Morning-After Pill May Not Work For Overweight Women

A French manufacturer of Norlevo, which is a morning-after pill distributed in Europe that is similar to Plan B, has just issued a warning that the emergency contraception is ineffective for women who weigh more than 176 pounds. In fact, the pill is shown to begin losing its effectiveness in women who weigh more 165 pounds.

Given the fact that the average weight of an American woman is 166 pounds (at 5 feet 3 inches), this news is going to affect a whole lot of women on this side of the Atlantic. American contraception companies may want to take some notes from their European counterparts and provide warning labels pronto. 

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In the U.S., popular brands like over-the-counter Plan B One-Step, Next Choice One Dose, and My Way have been found to have the same chemical and dosage makeup as Norlevo, which makes it a very real possibility that these pills will not work for overweight and obese women. No matter what your feelings may be on emergency contraception, stats often paint a truthful picture: the percentage of American women who have used the morning-after pill has jumped from just 1 percent in 1995 to 11 percent during 2006-2011. 

That's 5.8 million women, folks. I'm going to go out on a limb and say with assurance that these women vary in weight and body mass index and do not all weigh 120 pounds, either. And, given the fact that many women will choose to be private about taking a morning-after pill, I wonder how many would actually step forward and admit it didn't work for them.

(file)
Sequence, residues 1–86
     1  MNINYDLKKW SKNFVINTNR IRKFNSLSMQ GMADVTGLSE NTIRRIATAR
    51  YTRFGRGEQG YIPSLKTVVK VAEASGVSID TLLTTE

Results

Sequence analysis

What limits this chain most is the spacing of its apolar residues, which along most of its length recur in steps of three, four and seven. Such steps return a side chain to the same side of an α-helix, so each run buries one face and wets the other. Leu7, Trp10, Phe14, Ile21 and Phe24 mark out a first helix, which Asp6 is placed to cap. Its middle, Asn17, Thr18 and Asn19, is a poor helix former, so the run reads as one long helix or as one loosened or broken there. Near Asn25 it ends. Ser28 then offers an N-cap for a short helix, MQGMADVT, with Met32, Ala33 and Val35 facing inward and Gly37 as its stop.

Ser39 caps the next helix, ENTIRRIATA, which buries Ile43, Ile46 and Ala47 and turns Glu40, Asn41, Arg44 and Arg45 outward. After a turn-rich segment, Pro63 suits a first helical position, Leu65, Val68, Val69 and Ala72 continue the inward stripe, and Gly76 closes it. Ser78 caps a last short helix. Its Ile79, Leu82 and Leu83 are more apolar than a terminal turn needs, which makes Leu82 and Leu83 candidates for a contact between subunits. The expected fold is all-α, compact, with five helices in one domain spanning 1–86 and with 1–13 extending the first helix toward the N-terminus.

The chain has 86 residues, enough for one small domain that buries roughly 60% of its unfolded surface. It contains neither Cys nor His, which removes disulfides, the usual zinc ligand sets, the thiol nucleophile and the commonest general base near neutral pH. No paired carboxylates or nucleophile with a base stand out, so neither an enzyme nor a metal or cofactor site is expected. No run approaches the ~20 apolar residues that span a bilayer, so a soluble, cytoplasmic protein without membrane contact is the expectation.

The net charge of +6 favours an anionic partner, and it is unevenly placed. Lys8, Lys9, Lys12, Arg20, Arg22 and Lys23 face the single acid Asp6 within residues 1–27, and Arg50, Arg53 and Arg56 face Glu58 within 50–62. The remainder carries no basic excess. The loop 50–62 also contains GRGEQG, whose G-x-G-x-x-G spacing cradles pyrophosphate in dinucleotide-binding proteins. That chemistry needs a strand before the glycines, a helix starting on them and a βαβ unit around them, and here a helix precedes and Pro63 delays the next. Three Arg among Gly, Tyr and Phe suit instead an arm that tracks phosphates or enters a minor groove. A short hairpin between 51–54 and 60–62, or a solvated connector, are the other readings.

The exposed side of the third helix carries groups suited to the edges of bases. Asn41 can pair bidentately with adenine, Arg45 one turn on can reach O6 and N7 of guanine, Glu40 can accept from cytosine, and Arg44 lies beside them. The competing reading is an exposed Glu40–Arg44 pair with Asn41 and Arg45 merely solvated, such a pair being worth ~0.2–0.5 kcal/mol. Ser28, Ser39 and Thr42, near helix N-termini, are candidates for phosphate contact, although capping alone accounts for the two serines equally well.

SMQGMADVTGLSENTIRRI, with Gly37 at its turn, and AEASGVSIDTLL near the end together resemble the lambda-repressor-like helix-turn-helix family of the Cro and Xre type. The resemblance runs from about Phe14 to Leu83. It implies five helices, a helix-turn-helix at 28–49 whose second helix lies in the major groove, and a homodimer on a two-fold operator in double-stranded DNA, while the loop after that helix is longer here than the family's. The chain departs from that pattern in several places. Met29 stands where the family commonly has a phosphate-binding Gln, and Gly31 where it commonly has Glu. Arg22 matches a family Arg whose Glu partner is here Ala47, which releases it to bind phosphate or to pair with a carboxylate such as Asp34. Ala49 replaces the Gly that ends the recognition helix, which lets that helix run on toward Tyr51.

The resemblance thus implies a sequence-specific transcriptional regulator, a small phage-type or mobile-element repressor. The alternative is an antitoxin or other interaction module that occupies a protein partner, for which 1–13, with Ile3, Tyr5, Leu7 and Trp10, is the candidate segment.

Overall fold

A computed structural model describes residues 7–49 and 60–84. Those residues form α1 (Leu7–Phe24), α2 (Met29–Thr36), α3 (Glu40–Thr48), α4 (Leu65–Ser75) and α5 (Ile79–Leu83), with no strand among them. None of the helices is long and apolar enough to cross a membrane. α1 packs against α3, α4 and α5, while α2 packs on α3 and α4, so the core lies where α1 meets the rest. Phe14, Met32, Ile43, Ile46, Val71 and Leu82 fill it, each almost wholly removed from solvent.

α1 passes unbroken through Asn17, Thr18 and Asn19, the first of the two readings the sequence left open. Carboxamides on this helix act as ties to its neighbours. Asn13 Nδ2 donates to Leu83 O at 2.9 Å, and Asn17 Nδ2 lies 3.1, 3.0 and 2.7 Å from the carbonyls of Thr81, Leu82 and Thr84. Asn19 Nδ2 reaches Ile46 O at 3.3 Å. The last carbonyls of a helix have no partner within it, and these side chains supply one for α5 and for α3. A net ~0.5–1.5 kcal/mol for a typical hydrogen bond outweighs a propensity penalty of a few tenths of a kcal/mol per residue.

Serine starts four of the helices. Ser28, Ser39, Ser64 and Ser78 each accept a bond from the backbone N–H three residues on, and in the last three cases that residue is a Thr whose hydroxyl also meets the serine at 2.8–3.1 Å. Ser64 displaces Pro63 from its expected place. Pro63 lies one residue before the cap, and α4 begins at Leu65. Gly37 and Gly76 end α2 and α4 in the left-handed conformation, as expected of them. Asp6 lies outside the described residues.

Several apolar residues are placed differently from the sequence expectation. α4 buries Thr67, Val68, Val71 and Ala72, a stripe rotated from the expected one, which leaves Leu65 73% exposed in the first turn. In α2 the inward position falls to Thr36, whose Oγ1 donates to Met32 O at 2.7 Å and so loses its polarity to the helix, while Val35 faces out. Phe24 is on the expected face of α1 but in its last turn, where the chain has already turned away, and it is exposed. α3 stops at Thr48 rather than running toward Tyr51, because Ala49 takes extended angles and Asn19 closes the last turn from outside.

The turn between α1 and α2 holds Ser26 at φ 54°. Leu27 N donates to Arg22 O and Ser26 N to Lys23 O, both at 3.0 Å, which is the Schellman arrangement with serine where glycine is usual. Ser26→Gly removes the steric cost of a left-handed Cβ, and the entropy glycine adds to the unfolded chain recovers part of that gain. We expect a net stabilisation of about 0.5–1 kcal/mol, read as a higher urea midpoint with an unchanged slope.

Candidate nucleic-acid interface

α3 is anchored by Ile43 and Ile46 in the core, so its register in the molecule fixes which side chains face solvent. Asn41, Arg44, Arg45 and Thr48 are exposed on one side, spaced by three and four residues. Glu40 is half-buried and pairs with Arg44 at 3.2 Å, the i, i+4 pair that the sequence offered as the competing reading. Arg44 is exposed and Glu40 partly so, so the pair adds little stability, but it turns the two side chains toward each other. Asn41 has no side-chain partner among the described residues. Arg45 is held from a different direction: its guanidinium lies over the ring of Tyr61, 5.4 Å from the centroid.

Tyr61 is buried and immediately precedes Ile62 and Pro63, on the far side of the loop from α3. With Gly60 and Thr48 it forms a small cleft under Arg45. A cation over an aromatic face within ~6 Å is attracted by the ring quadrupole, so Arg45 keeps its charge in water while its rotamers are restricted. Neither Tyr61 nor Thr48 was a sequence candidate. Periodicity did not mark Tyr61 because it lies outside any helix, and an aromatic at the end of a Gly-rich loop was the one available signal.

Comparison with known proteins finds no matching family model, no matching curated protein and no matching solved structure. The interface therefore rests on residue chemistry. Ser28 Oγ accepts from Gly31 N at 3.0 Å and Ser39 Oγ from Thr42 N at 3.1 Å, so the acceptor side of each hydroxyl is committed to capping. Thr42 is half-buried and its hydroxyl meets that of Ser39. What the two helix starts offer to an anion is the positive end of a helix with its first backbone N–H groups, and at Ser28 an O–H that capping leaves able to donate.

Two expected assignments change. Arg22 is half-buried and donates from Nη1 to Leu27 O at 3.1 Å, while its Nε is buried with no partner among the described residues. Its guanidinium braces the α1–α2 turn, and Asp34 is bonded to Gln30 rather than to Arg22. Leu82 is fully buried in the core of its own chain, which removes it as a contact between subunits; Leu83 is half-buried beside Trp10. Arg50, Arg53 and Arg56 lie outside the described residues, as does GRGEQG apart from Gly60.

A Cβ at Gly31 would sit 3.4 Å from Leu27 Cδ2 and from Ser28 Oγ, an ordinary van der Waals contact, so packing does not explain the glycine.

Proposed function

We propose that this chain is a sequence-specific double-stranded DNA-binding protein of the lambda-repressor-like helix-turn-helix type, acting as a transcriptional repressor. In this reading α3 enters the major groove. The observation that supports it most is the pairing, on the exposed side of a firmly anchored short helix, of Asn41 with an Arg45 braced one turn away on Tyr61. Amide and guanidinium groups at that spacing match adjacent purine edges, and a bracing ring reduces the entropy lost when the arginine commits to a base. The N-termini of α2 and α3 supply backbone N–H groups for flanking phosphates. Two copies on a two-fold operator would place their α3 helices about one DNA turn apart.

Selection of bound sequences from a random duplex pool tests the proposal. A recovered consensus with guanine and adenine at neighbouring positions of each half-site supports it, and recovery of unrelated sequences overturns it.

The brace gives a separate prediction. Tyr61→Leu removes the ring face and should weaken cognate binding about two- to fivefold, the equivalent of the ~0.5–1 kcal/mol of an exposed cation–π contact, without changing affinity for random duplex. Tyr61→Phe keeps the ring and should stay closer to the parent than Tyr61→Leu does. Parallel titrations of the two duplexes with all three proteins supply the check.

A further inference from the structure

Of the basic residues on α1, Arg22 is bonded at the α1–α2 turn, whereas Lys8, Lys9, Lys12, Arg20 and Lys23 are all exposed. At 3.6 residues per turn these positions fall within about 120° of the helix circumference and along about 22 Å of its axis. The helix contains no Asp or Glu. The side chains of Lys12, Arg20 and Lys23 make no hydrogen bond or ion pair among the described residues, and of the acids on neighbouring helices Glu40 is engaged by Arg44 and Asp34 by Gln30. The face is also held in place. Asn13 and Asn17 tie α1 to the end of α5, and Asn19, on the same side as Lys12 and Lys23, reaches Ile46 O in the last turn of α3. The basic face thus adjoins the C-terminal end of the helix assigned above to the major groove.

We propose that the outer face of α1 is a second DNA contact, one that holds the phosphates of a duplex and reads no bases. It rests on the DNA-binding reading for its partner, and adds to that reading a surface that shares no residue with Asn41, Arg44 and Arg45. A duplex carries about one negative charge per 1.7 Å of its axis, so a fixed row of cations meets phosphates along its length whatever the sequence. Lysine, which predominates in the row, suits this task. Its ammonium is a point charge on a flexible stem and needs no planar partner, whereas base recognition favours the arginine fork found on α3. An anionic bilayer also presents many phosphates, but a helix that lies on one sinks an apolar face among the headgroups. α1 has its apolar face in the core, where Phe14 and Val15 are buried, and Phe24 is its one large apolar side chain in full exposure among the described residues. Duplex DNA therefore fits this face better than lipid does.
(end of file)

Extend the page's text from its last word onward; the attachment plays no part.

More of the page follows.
I'm not in favor of relying on emergency contraception to take the place of condoms for a few reasons, one of which is that I personally fear taking a drug that hasn't been tested for at least 150 years -- okay, I'm exaggerating, but not much. But that's just me. I completely understand the panic felt by women after a condom has broken or, God forbid, sex has taken place without a woman's consent. And in those instances, the morning-after pill serves as a low-stress option for women who fear they may be pregnant and are not ready to become mothers.

At the end of the day, I don't think it matters what I or anyone else thinks of emergency contraception. What matters is that women receive the most accurate and up-to-date information about these drugs so they can make informed decisions. Although American manufacturers have yet to comment about the efficacy of their contraception, an announcement may come sooner than we think.

Are you surprised to learn that the morning-after pill may not work for overweight and obese women? 

 

Image via Teva Pharmaceutical Industries

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